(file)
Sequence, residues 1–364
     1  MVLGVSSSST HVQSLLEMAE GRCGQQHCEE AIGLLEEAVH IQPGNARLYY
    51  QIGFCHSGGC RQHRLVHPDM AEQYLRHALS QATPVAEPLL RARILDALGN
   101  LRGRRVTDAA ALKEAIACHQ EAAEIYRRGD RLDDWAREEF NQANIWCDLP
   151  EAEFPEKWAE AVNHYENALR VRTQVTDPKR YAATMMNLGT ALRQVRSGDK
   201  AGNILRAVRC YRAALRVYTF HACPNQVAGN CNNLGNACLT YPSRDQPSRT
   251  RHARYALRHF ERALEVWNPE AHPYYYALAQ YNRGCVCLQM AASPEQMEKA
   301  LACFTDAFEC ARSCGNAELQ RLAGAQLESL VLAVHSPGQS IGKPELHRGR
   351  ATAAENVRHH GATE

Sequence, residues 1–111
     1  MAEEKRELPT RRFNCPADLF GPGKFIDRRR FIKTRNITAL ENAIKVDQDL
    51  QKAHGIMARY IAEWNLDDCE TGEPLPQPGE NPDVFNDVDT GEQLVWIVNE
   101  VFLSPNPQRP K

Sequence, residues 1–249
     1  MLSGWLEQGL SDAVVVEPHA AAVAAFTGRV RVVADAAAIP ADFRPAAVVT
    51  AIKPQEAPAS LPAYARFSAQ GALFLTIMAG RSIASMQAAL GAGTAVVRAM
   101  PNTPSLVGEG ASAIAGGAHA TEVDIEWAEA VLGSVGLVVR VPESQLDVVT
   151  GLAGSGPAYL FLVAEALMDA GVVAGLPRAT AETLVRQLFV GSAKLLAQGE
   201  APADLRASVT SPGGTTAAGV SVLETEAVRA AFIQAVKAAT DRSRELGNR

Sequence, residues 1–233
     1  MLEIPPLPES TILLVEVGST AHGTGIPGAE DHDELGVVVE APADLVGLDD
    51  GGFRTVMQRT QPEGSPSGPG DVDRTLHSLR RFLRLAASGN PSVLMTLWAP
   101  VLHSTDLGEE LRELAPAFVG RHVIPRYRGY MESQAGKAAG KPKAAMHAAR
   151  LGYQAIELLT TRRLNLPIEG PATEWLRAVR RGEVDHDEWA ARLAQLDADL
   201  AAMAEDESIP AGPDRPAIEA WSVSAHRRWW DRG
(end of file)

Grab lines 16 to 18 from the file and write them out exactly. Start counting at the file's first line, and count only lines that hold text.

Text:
    51  AIKPQEAPAS LPAYARFSAQ GALFLTIMAG RSIASMQAAL GAGTAVVRAM
   101  PNTPSLVGEG ASAIAGGAHA TEVDIEWAEA VLGSVGLVVR VPESQLDVVT
   151  GLAGSGPAYL FLVAEALMDA GVVAGLPRAT AETLVRQLFV GSAKLLAQGE